As I start to make my way home, I’m feeling really confident and starting to enjoy the experience; I have to pass through a number of villages on the way home and this is where it feels most at home.
It manoeuvres well around stationary cars and feels solid; it is heavy and that does take some getting used to, but once you understand how to use the stability function it becomes easier to deal in slow or stopping traffic conditions.
Home is now in sight, never felt so good to see my ivy-marked house, the missus and Olly (my little lad) are at the window and are looking relieved. However, there was no need to fear my safe return as I was in the safe hands of the Metropolis – the next few weeks were going to be interesting…
I tried to get out on the Metropolis every other night to really get as much out of the test before I had to hand the keys, well key fob back. My chosen location was Sleaford, a fairly busy town in Lincolnshire. Having ridden around town, I then made my way onto various country roads in a big loop to really get a chance to ride. My confidence is now up and the Metropolis becomes a very easy bike to ride. It’s super quick, it’s really solid, and because of the two wheels at the front it’s amazingly agile and reassuring around bends.
Because I can ride the Metropolis on my car licence, I can ride around without displaying any L plates in sight – and I think the general road users think I’m a bit more advanced than I am. I’m now getting hard-core bikers giving me the nod and cars letting me go; the Metropolis has that stature – it looks like it belongs.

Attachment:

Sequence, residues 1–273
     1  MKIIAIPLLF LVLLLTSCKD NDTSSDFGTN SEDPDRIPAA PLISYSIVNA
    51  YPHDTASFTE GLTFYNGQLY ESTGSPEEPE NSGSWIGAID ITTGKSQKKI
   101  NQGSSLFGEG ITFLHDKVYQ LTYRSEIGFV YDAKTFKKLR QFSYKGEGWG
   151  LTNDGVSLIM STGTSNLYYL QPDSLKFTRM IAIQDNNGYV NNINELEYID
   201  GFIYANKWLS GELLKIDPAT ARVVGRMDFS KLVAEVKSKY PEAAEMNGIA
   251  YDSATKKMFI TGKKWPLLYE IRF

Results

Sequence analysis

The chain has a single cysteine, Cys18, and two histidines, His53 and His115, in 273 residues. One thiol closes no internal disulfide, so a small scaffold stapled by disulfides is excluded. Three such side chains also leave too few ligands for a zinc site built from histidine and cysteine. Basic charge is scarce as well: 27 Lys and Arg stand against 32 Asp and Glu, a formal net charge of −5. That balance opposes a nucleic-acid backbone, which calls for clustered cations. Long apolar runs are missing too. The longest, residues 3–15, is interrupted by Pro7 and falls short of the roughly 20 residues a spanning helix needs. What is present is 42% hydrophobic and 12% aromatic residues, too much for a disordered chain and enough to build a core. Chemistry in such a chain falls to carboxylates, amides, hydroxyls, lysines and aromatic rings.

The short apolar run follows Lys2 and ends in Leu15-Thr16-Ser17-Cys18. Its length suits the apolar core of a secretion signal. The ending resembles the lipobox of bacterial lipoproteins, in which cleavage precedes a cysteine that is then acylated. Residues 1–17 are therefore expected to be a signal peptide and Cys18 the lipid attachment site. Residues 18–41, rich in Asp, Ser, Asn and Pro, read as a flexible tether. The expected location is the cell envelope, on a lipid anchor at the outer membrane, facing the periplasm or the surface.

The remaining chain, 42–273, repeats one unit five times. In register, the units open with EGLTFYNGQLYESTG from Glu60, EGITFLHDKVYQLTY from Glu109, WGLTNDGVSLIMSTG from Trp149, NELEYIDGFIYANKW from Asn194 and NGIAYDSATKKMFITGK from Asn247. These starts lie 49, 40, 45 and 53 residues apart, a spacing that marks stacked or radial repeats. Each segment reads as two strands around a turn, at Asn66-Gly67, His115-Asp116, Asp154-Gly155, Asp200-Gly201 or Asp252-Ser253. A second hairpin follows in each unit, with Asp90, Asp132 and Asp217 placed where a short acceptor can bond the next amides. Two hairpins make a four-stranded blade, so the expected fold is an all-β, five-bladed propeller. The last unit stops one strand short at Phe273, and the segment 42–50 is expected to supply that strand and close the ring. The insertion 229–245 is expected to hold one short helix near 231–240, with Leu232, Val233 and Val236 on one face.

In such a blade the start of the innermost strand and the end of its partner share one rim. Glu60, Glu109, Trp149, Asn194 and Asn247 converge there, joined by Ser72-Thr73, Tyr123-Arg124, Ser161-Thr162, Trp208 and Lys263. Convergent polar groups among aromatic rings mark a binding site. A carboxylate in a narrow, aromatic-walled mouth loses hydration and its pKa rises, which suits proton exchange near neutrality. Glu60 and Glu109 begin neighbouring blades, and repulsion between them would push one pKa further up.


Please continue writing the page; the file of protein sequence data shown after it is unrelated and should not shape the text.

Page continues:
A bit more on the bike
It has a secure compartment for your helmet and gloves and underneath the seat opening and it was also able to easily hold my work bag. There are two other smaller compartments for keys, etc, but they can’t be secured, so they are really only for dropping bits and pieces into until you get to where you’re going.
There are five LED lights between the front wheels (the lighting switch allows the option of either using these as running lights, or flicking a switch to swap over to riding on dipped headlights. There are super big mirrors and a brake by your feet (fitted as part of the package that makes the bike rideable on a car licence); I never used it during my time testing, concentrating on using the standard style motorcycle brakes on the handlebars – and that felt comfortable. The Metropolis has a keyless ignition system (so again the ‘car feel’ continues); on Peugeot’s website it’s claimed to top out at 85mph (although I never reached those heights) and I can get 160 miles to a tank, which covers most range eventualities.
My final thoughts…
I loved it, I really did. It built-up my confidence quickly and I really could see my buying one, either to use for nipping around town, or just to have fun with. I feel like I’m practically a biker, although with an extra wheel, I might need to start up my own biker gang – Sleaford Warlocks anyone!”
Words: Steve O’Hara
The laws relating to trikes and tilting three-wheelers
INFORMATION SOURCE: www.askthe.police.uk
Driving licence requirements
The driving licence legislation for three-wheelers (tricycles), irrespective of whether they are car or motorcycle based, changed considerably on January 19, 2013. The two most important changes were that from 19.01.13, new rider/drivers: